Soo how is that yoga job going? ahem. Ya know, it’s funny. We saw this article go up days ago, we knew it was coming too, and still we procrastinate in commenting. It’s been like stretching our psoas after a long day of chair sitting to gather our thoughts. Torturous! Why? Have we said all we can on the subject? Hardly. Besides that’s a laugh, you can’t quiet these yoga mouths! Does it hit too close to home? Yeah, kinda.
We’ve experienced the plight of the yoga teacher not only personally, but via the experience of colleagues and our hardworking teachers trying to make ends meet. Some are modest part time teachers, some struggle while others make a reasonably comfortable income full time, and a handful are high-level seekers with sights set on world notoriety. The more we think about the question “can you make a living?” the more we find the real question to be “what does ‘a living’ mean?’ OR, in other words, WHY are you a yoga teacher and what level of ‘success’ will make you content? Nowhere in the Bhagavad Gita or Light on Yoga does it say you need to be an international sensation with an onslaught of books and DVDs for your merch table on your world tour, to be a yoga teacher. But in a Western capitalistic society, growth and diversity seem to be the only means to a righteous success. Why would yoga be any different?
The DoubleX article sheds light on this with profiles of 4 different yoga teachers, and 4 different levels of earning a living. What we’ve gathered is that yoga teachers fair differently all over the country (right, it’s not rocket science), and that there are varying levels of “yoga entrepreneurship”. Mmhm… what is that then, yogapreneurship?
“It was always a choice of do I pay my bills this month, or do I fill my fridge?” says NY’s Paula Lynch on her beginnings as a yoga teacher. Now over 4 years later Lynch has achieved a certain level of comfort, making her living teaching 16 classes a week and 10 privates, earning enough money to pay rent, bills and maybe a new handbag she’s been eyeing every once in a while. Hardly the big bucks, but, one could say, a success? In any case, she’s happy, and we know it.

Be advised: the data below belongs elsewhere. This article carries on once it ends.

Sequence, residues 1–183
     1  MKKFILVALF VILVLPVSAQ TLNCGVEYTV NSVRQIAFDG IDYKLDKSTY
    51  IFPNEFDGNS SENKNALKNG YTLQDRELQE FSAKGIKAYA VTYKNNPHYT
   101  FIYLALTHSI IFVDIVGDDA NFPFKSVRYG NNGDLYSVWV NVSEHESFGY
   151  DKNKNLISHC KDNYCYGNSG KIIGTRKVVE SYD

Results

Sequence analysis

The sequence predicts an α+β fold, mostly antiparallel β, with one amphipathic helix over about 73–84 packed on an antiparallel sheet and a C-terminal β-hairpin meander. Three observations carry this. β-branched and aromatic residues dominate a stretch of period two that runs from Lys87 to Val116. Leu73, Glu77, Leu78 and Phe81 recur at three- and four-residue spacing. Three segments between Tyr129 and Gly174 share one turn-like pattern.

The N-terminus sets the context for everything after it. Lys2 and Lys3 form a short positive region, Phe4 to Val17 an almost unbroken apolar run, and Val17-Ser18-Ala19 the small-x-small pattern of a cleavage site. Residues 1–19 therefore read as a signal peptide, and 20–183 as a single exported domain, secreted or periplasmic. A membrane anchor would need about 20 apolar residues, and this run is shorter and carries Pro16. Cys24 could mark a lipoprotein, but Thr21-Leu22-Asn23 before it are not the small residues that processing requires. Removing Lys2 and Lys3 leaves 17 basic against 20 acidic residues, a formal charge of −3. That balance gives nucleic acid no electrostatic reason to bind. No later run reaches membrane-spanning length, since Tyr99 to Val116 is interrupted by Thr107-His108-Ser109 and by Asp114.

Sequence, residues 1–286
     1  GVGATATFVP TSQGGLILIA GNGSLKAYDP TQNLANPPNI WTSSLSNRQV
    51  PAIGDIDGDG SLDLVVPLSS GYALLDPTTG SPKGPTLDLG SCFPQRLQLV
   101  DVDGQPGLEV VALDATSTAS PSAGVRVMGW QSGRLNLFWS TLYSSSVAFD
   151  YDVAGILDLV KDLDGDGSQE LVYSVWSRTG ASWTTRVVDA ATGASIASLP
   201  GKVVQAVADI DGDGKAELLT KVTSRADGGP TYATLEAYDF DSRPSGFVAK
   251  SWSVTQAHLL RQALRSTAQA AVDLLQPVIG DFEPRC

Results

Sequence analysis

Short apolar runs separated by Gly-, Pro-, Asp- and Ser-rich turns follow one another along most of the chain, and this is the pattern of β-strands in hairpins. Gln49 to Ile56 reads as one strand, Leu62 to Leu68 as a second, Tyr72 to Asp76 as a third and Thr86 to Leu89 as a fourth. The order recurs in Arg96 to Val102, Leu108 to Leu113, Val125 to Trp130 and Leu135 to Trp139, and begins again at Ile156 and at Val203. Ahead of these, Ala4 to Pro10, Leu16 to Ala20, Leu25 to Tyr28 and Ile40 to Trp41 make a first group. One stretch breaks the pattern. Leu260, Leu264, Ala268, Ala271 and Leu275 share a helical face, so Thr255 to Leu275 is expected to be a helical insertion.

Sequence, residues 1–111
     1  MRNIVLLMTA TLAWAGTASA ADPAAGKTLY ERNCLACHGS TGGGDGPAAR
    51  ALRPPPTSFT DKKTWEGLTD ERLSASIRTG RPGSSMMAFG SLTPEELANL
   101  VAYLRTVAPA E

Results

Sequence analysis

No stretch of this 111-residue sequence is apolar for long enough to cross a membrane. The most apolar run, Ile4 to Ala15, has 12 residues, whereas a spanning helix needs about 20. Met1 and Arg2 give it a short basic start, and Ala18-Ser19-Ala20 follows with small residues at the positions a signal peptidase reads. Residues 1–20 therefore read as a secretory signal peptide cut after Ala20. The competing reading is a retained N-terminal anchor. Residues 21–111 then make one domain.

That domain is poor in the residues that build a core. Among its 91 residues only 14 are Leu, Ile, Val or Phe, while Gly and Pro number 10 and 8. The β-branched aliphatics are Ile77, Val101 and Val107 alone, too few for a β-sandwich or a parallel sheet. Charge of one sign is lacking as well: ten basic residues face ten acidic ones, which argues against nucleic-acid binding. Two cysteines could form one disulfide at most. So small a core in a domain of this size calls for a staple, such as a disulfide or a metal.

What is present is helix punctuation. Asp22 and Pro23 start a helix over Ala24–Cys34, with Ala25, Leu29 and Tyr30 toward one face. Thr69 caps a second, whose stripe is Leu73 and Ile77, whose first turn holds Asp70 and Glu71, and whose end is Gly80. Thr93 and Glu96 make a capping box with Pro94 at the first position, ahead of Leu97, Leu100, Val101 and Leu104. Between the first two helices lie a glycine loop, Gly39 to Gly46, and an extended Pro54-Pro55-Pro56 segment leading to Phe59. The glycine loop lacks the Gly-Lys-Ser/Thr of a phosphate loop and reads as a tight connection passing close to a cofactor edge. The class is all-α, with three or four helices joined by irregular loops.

But what about this Recession? Private clients have dropped like lead feet from headstand, and somehow this yoga business is still booming. What’s the natural progression then? Open your own studio! Which is what David Morgan of Knoxville, TN did after losing “about 90 percent of his students” due to the bum economy. Of course now the workload multiplies being a studio owner and full on business owner, and so far with New Moon Yoga, Morgan has found it difficult to support himself.
Meanwhile, April Woody, another studio owner (Folding Leaf in W.Va) has had better luck, but admits she could not have pulled it off without her husband’s steady income and support. “It would be a burden if there was more pressure to contribute financially, because I don’t do that very much,” she says. Lucky indeed, and easier for her to say something like she believes in “spiritual economics” and leaving the cash box sitting out. A little salamba success if you will.
And then of course, there’s the go get em mantra of Sadie Nardini, whom we know to be the fierce defender of reaching new heights in yoga successdom with a full plate of videos, teacher trainings, workshops and public appearances, now with the help of her agency.
…Sardini is unabashed about treating yoga as a cash cow. “There’s a myth that you can’t be spiritual and rich at the same time,” she says. “But it’s not spiritual to be broke and stressed out about your rent.”
We beg to differ, things can get pretty damn spiritual round here when it’s scrounge for rent time!
Sadie adds, “It’s totally more than possible to make six figures a year teaching yoga.”
Hm, not entirely true. Selling concepts, dvds, yourself, at events and conferences perhaps, but not simply teaching yoga. Sure, there’s always money to be had, and the celebriyogi stardom and 6 figures are there if that’s what you want. For some yoga teachers, and awesome ones at that, it’s an issue food and shelter first.